Dominique Peysson and Olivier Goulet.
Supported by the research program "Vocality in theater and opera" of the Iris "Creation, Cognition and Society" (EHESS) carried by PSL, for the four performances of Kein Licht Salle Favart in Paris, from 19 to 22 October 2017.
"Life is a vapour, a light mist that wets the palm of the hand, and then nothing",
Jaime Garcia Terres. That one was king.
Life is a vapor... and then nothing is vanity.
The performance begins with a tea ceremony. The hot drink is offered to the audience, while the two artists drink their own cup. Both then enter a large transparent block, which they close on themselves. The audience can see them through the glass, performing a very simple dance form based on the butô model. The gestures of everyday life are evoked, very slowly at first, then more and more quickly. Until the bodies at work exhale enough water vapour to cover the windows with mist, partially masking the bodies so that only the distorted silhouettes of the two performers are visible.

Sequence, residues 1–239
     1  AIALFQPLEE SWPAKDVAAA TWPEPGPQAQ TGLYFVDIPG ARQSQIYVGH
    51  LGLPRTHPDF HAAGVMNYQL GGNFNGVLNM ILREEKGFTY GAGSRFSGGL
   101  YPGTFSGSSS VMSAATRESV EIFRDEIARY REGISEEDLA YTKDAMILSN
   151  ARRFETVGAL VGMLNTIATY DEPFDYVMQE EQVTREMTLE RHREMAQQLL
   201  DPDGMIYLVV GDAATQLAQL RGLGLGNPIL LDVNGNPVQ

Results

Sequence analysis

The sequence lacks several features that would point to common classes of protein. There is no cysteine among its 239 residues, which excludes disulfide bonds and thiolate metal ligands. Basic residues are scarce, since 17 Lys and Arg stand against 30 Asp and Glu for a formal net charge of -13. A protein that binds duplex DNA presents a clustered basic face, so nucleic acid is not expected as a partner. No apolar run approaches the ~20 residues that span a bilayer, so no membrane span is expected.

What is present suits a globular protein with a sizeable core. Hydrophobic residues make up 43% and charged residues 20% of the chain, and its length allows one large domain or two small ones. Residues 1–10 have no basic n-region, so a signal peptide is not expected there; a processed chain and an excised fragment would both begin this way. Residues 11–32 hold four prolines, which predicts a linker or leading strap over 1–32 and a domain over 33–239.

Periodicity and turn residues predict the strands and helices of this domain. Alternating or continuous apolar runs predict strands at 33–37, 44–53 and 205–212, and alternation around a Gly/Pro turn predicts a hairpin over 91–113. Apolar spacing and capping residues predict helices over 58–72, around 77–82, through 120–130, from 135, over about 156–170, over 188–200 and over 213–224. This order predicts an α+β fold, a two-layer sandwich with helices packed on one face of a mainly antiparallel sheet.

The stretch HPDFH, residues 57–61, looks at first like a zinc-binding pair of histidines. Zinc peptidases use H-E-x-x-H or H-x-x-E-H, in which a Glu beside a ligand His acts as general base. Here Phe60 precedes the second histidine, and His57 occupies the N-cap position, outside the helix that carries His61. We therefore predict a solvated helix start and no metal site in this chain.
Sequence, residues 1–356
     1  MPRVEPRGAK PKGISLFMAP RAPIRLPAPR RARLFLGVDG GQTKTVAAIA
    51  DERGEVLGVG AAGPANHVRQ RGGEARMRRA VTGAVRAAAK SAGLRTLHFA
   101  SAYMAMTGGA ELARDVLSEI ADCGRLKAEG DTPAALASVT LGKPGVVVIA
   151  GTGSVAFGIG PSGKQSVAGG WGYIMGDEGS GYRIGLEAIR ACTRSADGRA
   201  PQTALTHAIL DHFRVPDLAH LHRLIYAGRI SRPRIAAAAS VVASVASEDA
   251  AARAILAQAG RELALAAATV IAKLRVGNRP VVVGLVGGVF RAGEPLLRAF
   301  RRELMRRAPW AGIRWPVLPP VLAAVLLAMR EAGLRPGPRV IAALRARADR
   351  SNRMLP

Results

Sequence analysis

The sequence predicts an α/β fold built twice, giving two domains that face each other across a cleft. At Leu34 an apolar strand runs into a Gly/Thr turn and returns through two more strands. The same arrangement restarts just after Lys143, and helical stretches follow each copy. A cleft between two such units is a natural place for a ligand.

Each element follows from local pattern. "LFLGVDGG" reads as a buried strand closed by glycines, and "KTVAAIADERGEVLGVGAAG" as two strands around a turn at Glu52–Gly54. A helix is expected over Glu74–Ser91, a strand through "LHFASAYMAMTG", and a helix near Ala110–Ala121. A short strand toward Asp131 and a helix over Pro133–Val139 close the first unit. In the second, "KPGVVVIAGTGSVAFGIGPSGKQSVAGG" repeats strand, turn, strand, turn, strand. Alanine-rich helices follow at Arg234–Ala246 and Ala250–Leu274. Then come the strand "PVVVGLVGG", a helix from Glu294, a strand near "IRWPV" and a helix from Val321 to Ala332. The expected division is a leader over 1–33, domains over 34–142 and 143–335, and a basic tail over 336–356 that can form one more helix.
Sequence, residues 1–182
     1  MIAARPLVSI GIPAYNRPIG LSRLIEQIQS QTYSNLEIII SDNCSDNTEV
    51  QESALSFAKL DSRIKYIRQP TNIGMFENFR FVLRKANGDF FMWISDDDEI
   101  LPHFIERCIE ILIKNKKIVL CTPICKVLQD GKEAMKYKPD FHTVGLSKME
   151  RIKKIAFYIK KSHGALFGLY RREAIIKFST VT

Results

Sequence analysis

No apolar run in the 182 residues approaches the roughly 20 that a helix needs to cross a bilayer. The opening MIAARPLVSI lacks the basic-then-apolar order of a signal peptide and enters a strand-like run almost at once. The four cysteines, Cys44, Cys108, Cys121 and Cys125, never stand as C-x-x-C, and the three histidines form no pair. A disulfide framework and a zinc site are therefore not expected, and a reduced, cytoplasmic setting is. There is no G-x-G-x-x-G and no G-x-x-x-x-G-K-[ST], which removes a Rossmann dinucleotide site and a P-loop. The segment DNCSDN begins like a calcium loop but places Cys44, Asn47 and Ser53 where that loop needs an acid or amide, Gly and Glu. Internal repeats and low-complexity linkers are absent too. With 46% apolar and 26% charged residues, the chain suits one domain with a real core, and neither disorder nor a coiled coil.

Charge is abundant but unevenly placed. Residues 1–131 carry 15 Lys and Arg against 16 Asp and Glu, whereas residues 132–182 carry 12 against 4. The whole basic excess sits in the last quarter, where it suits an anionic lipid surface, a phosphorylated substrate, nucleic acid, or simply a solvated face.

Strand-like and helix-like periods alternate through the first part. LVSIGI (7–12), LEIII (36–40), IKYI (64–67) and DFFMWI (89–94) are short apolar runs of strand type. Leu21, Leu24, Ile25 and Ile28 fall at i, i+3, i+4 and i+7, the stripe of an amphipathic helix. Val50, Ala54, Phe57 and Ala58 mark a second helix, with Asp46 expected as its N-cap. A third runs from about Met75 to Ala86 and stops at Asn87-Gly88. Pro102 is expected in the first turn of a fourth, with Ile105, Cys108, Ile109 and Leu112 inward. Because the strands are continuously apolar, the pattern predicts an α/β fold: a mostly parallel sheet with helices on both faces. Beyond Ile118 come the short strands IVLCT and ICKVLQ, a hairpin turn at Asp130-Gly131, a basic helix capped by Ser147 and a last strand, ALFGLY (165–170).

The communion between the artists and the audience is facilitated by the sensation of warmth that everyone can feel when drinking a hot cup of tea: it spreads throughout the bodies of each, as it does in those of the performers. The breath of life charges the air with a vapor that the artists will give us to see, to better disappear. It is through the bodies that the water circulates to the surface of the cabin. Our inner warmth, our breath, our movements, are the signs that we are alive and well. Our materiality is expressed by the body that exhales this water. But in doing so, it veils the image of the bodies, letting only ghostly silhouettes appear... The water removes them from everyone's sight. And then nothing.
Doesn't the Hebrew word "vanity" mean "steam, mist, breath, light breath"?